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Are These 3 REITs Yield Traps?

Jun 13, 2020 by Matthew DiLallo

Three that appear as if they may be traps are Annaly Capital Management (NYSE: NLY), Brookfield Property REIT (NASDAQ: BPYU), and Macerich (NYSE: MAC). Here's a closer look at whether that's the case.

Reading the tea leaves

Mortgage REIT Annaly Capital Management currently yields 14%. While that's high compared to most REITs, mortgage REITs tend to pay big dividends. That's because they use a lot of leverage in their business, which makes them riskier.

That risk was on full display during the first quarter, as Annaly only produced $0.21 per share of core earnings yet paid $0.25 per share in dividends. Because of that, an analyst on the first-quarter conference call questioned the sustainability of the current payout rate. CEO David Finkelstein responded by saying:

We will have more formal guidance at a point in the future with respect to the dividend. What I will say is we recognize there certainly have been cuts in the sector … So, what I can tell you is that, we do expect to maintain a competitive dividend yield relative to peers, which has been in the low double digits over the past number of years on book value. So we're comfortable with conveying our competitiveness of our dividend yield. And we really want to spend the time over the very near term and not just look at the second quarter, but look at multiple quarters out and determine what we think the appropriate dividend yield is.

These comments hint that a dividend reduction could be forthcoming. Thus, Annaly Capital appears to be a dividend trap that investors should avoid until the company determines the reset dividend level.

The numbers don't back up the commentary

Brookfield Property REIT, which is the REIT equivalent of global real estate partnership Brookfield Property Partners (NASDAQ: BPY), currently yields more than 10%. One reason the yield has risen to such heights is that its stock price has tumbled about 25% this year. That's due to the impact the COVID-19 outbreak is having on its ability to collect rent. While Brookfield received more than 90% of the rent billed to office and multifamily tenants in April, it only collected 20% from retailers. Because of that, its FFO will likely decline over the coming quarters.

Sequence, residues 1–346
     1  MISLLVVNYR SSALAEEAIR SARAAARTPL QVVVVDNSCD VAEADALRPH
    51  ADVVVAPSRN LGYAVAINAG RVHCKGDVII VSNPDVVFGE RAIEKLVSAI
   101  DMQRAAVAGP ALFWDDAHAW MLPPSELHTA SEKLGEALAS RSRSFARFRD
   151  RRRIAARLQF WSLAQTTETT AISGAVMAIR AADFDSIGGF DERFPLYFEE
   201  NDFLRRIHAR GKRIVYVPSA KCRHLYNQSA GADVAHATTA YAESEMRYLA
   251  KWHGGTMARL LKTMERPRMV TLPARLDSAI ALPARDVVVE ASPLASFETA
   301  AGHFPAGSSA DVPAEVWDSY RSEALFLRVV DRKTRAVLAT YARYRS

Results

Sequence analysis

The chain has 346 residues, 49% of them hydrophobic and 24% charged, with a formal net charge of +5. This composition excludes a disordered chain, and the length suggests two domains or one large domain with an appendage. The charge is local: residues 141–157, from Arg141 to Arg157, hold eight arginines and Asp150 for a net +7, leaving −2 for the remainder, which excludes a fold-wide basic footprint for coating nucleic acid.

That's a concern because Brookfield only generated $0.33 per share of FFO during the first quarter while paying out $0.3325 per share in dividends. However, the company does have $7.2 billion of liquidity, including $1.8 billion of cash, which gives it plenty of cushion to continue paying the dividend. Further, CEO Brian Kingston wrote in the first quarter investor letter: "As we have stated in the past, our distribution policy is based on the long-term view of our business, with a healthy respect for the cyclicality of economic and real estate cycles. While a prolonged economic contraction would impact cash flow in the longer term, we continue to have more than sufficient resources to pay our stated quarterly dividend."

Thus, the payout seems safe for now, though there is an elevated risk that Brookfield might reduce it if there's a long downturn in the commercial real estate market.

You're not getting what you think

Mall-owner Macerich recently declared a dividend of $0.50 per share. With its stock currently trading at around $12 per share, it yields 16.7%.

However, there's a big catch with that dividend. Macerich is only paying out between $0.10 to $0.123269 per share in cash and the rest in stock. The company made that move, which included a 33% reduction in the per-share amount, to conserve some money given the impact the COVID-19 outbreak is having on rent collection. Another cut or temporary suspension of the dividend is possible given the current state of the retail real estate sector.

Be careful with big yields

REIT investors must do their due diligence before buying a stock to collect what seems like a lucrative payout. Both Annaly and Macerich's high-yielding dividends are yield traps. Meanwhile, Brookfield's big payout is in the high-risk category. Because of that, income-focused investors might want to wait to see how things shake out before buying these stocks for their yields since they might not be sustainable.

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Matthew DiLallo owns shares of Annaly Capital Management and Brookfield Property Partners. The Motley Fool has no position in any of the stocks mentioned. The Motley Fool has a disclosure policy.

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